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Quant Funds Must Have Realistic Targets

Unrealistic expectations in the quant world often lead to disaster. The recent market history after quantitative trading was introduced in the 80s is filled with stories of failures of prominent but also less known funds that had unrealistic expectations.

I will only allude to a few funds known to almost everyone that outsource analysis to a large number of aspiring quants around the world in an attempt to find gold in data-mining bias. Some of these funds have more realistic targets but at least one of them has unreal expectations. I will not get into the details because my objective here is not to attack some otherwise good people that apparently have unrealistic expectation of what the market can offer. But every quant, especially the new ones, must understand that on top of the increase in data-mining bias as a function of time due to reuse of old data, there is also a fundamental regime change: the inflow of dumb money willing to provide profits to quant funds has decreased substantially.

I will not go into beta requirements for strategies developed by quants imposed by some funds because in most cases they are ridiculously strict. I will just concentrate on Sharpe ratio, which is the most popular measure of quantitative performance.

To make a long story short, the buy and hold Sharpe of SPY ETF total return since inception is around 0.51 while the annualized return is a respectable 9.24%. Of course, this performance came at high maximum drawdown and volatility of about 18.24%. How unrealistic is a target of a Sharpe of 2?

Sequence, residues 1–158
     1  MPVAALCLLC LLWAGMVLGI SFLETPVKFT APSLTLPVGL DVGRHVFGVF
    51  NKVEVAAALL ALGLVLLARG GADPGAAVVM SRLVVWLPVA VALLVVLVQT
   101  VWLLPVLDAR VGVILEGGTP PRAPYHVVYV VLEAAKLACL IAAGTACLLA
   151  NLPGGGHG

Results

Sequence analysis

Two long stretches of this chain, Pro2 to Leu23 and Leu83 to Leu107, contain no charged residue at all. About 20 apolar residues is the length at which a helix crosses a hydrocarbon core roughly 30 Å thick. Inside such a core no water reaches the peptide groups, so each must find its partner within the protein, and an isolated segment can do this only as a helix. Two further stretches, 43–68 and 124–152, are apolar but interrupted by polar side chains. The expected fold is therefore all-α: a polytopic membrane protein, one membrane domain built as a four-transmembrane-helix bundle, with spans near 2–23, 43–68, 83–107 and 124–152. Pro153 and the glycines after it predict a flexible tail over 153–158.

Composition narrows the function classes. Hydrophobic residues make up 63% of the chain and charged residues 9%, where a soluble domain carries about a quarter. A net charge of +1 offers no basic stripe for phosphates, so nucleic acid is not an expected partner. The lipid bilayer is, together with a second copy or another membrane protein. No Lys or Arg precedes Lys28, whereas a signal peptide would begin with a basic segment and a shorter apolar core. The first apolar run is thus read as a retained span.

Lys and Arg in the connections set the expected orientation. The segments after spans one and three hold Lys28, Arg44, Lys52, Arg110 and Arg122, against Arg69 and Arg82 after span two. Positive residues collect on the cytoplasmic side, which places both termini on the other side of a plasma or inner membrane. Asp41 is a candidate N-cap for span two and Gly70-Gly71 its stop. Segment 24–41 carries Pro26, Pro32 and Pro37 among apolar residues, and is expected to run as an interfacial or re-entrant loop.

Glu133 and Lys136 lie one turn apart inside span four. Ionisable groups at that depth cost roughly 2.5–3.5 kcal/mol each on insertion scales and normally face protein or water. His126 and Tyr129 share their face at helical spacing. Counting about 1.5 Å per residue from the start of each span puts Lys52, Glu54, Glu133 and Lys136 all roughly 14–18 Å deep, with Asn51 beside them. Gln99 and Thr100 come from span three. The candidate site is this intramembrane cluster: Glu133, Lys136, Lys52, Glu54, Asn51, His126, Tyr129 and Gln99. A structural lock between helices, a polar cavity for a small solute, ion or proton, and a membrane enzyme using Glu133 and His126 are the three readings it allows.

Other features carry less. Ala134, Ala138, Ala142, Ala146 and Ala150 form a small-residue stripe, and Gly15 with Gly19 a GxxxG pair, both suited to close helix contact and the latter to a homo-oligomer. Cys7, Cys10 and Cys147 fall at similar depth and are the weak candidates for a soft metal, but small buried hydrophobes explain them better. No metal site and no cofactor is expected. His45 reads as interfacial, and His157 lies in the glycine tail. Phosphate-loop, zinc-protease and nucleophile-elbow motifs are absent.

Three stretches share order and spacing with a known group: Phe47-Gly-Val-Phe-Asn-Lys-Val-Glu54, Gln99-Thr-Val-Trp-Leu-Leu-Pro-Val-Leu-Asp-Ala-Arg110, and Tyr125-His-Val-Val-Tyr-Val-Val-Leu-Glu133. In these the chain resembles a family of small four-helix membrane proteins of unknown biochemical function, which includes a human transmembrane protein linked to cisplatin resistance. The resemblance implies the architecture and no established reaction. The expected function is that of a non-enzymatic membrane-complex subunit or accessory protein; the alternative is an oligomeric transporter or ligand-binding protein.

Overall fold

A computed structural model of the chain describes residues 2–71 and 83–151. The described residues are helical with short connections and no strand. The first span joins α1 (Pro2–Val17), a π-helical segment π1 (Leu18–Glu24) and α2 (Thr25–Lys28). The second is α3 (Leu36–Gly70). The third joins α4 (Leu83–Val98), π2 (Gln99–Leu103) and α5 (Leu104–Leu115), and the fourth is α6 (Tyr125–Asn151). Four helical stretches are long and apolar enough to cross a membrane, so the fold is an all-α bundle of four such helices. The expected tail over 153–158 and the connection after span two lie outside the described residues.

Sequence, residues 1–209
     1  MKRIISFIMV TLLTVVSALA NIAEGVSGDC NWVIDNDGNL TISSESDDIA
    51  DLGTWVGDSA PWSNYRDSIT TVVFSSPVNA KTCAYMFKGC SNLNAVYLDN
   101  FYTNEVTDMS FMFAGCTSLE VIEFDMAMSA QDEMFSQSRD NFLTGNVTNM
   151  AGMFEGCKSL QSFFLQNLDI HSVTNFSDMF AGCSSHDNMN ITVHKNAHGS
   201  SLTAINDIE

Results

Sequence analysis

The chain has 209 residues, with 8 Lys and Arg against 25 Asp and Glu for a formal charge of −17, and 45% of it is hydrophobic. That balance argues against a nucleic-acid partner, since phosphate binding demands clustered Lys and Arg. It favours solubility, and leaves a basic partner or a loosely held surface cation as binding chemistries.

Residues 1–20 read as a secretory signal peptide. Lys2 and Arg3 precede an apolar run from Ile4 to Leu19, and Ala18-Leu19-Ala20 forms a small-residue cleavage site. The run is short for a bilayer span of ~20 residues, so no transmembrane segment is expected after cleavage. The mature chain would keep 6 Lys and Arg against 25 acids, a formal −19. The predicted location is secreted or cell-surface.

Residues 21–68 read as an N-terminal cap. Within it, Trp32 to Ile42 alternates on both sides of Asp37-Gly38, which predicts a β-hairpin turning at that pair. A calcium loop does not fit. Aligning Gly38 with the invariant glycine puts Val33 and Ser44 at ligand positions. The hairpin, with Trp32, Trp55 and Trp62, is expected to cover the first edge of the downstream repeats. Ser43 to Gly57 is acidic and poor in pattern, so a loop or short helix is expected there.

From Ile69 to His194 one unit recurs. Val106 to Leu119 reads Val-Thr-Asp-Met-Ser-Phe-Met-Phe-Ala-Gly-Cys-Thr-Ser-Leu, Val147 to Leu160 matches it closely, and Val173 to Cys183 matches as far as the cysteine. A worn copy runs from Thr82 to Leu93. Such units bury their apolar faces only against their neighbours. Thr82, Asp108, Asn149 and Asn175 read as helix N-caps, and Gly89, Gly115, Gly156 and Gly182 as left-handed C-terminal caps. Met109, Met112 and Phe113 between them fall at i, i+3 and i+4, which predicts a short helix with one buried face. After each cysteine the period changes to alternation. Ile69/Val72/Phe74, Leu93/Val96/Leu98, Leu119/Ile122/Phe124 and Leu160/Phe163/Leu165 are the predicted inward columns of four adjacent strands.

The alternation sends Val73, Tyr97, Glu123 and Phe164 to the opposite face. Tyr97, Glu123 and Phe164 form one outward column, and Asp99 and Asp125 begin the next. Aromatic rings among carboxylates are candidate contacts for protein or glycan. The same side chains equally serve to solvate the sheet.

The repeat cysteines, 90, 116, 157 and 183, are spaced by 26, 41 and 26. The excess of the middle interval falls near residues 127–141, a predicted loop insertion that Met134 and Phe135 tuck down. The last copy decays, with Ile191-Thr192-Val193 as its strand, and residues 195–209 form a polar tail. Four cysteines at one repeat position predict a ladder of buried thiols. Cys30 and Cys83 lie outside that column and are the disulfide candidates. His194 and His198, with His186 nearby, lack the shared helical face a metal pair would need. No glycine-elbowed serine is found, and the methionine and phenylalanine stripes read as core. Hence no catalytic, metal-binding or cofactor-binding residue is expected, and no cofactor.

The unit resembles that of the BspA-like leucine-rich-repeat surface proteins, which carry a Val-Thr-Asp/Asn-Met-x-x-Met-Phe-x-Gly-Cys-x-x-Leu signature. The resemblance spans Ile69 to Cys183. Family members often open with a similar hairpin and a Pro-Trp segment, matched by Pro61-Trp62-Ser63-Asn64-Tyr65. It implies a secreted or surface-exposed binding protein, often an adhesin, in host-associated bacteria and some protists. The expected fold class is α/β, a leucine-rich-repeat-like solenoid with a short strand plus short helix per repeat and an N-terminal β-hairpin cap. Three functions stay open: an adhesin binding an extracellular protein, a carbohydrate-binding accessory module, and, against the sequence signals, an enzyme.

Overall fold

Suppose you have a magic forecasting tool that could forecast all daily returns in SPY greater than 4% with 100% hit rate. Is it possible? I say no, probably some think it’s possible. There have been 32 such occasions in the history of the ETF and below is the equity curve after buying at the close before the forecast and selling at the next close. Commission is $0.01 per share and equity is fully invested.

Even after assuming a super-forecasting ability, Sharpe is just above 1 but annualized return is much lower than buy and hold. Some could argue that this performance can be leveraged but this is known only in hindsight. What about if the extraordinary forecasting promise did not materialize? (Does this sound familiar?) Besides, this is not a strategy but an example to make a point about unrealistic quant fund targets.

Fine then, the 4% will not do it, why not hiring a clairvoyant to guess all daily returns greater than 3% in SPY at a 100% hit rate. This is easy in hindsight. Below is the equity curve.

Now we get outperformance but Sharpe is still below 2 at 1.70.

What to think of those very high Sharpe values reported in simulations in some online platforms that outsource quant work to anyone with an Internet connection?

I have seen Sharpe of 2, 3, 4 or even higher. These are better than the clairvoyant who correctly guessed the exact timing all daily returns in SPY greater than 3%. Most high Sharpe results are flukes generated by data-mining. But those who are not familiar with the problematic aspects of constant strategy testing are always happy due to high expectations. The fact is the more you backtest, the higher the probability that you will be fooled at the end. See this article for more details.

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